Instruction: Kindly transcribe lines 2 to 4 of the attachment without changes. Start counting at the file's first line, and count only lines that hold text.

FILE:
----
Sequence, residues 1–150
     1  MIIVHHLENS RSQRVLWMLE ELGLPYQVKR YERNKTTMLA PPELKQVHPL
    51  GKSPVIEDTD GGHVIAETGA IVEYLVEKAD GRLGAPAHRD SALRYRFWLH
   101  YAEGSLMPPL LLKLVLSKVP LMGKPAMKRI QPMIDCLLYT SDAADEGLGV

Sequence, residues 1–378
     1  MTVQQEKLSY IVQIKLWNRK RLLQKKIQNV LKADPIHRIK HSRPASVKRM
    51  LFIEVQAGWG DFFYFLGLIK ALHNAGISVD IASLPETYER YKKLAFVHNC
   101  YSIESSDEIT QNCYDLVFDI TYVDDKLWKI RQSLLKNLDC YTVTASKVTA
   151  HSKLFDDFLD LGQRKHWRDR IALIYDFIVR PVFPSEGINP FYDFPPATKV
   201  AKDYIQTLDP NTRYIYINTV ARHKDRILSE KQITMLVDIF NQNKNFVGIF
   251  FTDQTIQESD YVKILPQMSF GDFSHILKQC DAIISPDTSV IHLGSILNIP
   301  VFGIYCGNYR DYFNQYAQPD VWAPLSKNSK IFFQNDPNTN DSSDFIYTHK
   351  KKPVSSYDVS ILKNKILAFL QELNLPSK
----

     1  MIIVHHLENS RSQRVLWMLE ELGLPYQVKR YERNKTTMLA PPELKQVHPL
    51  GKSPVIEDTD GGHVIAETGA IVEYLVEKAD GRLGAPAHRD SALRYRFWLH
   101  YAEGSLMPPL LLKLVLSKVP LMGKPAMKRI QPMIDCLLYT SDAADEGLGV